Reinaldo Ramon LAMONICA, Augustin Milan, Angeles Lamonica Soler, Mario Feliciano, Guillermo Alborez, et al., Plaintiffs–Appellees, v. SAFE HURRICANE SHUTTERS, INC., a Florida corporation, d.b.a. Advanced Hurricane Protection, Steve Heidelberger, Francis McCarrol, Defendants–Appellants.
-- March 06, 2013
Karl David Kelly, Jamie H. Zidell, Law Offices of Eddy O. Marban, Coral Gables, FL, Sarah Ruth Klein, Law Office of Sarah Ruth Klein, Fort Lauderdale, FL, Marguerite Maria Longoria, Sam J. Smith, Burr & Smith, LLP, Tampa, FL, for Plaintiffs–Appellees.Chris Kleppin, Harry O. Boreth, Barry G. Feingold, Kristopher Walter Zinchiak, Glasser, Boreth & Kleppin, PA, Fort Lauderdale, FL, for Defendants–Appellants.
This is an appeal from a judgment awarding unpaid wages and liquidated damages under the Fair Labor Standards Act (“FLSA”). Appellees challenge the judgment itself, as well as the district court's denial of their post-trial motions under Federal Rules of Civil Procedure 50(b) and 59(e). For the reasons that follow, we affirm.
Mario Feliciano and Augustin Milan formerly installed hurricane shutters for Safe Hurricane Shutters, Inc. In relation to that employment, they brought this action along with seven of their former co-workers to recover unpaid overtime wages under the FLSA. In addition to the corporate defendant, they sued its president and CEO, Edward Leiva, and two of its directors, Steve Heidelberger and Francis McCarroll. After trial, the jury found in favor of Feliciano and Milan and against all of the defendants, awarding damages of $20,849.38 to Feliciano and $1,312.50 to Milan. The district court subsequently determined that Feliciano and Milan were entitled to liquidated damages in an amount equal to their actual damages and entered final judgment in favor of Feliciano in the amount of $41,698.76 and in favor of Milan in the amount of $2,625.00.
After the judgment was entered, Safe Hurricane Shutters, Heidelberger, and McCarroll filed a renewed motion for judgment as a matter of law and alternative motion for new trial under Federal Rule of Civil Procedure 50(b). They also filed a motion to alter or amend the judgment under Rule 59(e). The district court denied both motions. Safe Hurricane Shutters, Heidelberger, and McCarroll now appeal the judgment, as well as the district court's order denying their post-trial motions.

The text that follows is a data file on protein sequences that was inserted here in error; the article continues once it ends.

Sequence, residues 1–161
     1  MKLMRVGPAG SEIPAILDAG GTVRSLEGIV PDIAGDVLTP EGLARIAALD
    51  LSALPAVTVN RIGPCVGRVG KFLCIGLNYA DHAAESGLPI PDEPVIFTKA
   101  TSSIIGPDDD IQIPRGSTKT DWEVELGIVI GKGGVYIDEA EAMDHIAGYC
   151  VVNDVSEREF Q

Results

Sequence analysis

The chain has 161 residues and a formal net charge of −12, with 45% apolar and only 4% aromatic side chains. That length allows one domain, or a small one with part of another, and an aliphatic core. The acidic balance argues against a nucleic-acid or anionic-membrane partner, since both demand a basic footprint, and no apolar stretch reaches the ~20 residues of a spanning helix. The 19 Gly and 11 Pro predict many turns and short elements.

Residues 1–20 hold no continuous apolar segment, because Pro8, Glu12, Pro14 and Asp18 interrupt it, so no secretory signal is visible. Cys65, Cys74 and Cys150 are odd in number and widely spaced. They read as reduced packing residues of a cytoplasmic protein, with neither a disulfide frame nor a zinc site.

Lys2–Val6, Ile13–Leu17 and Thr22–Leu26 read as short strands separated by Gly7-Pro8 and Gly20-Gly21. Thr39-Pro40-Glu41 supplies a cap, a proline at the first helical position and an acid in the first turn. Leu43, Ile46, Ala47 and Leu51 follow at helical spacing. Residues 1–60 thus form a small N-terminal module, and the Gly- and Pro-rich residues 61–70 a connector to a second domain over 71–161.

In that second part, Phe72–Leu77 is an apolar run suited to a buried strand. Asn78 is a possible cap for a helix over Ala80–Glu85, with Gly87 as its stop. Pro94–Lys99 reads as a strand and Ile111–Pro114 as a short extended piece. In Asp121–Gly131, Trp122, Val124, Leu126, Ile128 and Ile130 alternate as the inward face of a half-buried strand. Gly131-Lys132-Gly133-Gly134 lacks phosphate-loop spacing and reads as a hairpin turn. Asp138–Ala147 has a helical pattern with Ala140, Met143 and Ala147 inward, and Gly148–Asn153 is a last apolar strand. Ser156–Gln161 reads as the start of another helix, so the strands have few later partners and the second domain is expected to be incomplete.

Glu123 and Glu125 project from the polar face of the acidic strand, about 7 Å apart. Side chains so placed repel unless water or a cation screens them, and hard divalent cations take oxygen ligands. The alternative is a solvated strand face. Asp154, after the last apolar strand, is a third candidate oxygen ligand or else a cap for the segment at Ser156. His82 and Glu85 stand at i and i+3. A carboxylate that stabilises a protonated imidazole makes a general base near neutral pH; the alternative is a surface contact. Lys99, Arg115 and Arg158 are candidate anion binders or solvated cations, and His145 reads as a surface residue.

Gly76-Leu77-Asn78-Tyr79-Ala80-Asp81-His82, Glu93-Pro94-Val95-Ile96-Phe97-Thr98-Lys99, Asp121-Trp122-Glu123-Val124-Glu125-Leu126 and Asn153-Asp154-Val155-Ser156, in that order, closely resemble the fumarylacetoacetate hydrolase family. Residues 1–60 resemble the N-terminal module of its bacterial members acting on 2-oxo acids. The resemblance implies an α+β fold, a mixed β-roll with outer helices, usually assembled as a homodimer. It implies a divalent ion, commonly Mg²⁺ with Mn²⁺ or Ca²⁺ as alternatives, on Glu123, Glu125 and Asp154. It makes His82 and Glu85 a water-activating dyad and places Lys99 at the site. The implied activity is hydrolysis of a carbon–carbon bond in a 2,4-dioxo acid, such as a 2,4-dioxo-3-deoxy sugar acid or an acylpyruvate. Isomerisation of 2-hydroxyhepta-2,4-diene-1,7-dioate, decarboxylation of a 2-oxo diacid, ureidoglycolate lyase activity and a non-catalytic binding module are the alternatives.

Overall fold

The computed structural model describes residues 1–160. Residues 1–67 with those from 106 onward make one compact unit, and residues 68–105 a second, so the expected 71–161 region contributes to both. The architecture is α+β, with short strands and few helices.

The issues raised in this appeal require the application of several different standards of review, each of which will be discussed in context below.
A. In Pari Delicto
First, Appellants argue that the district court should have granted their motion for judgment as a matter of law based on the doctrine of in pari delicto, which states that “a plaintiff who has participated in wrongdoing may not recover damages resulting from the wrongdoing.” Official Comm. of Unsecured Creditors of PSA, Inc. v. Edwards, 437 F.3d 1145, 1152 (11th Cir.2006) (quoting Black's Law Dictionary 794 (7th ed.1999)). “We review a district court's ruling on a motion for judgment as a matter of law de novo.” Hubbard v. BankAtlantic Bancorp, Inc., 688 F.3d 713, 723 (11th Cir.2012).
Appellants argue that both Feliciano and Milan participated in the wrongdoing by failing to accurately report the income they earned from Safe Hurricane Shutters to the IRS. They further argue that Milan participated in the wrongdoing because he was an undocumented alien not authorized to work in the United States, and he applied to work for Safe Hurricane Shutters using a false Social Security number.1 As a result, Appellants contend that Feliciano and Milan should be barred from recovering under the FLSA.
We have previously held that undocumented aliens are “employees” who may recover unpaid wages under the FLSA. Patel v. Quality Inn S., 846 F.2d 700, 706 (11th Cir.1988). Appellants argue that the Supreme Court effectively overruled Quality Inn in Hoffman Plastic Compounds, Inc. v. NLRB, 535 U.S. 137, 148–52, 122 S.Ct. 1275, 152 L.Ed.2d 271 (2002). However,
[w]e are bound by the holdings of earlier panels unless and until they are clearly overruled by this court en banc or by the Supreme Court. While an intervening decision of the Supreme Court can overrule the decision of a prior panel of our court, the Supreme Court decision must be clearly on point.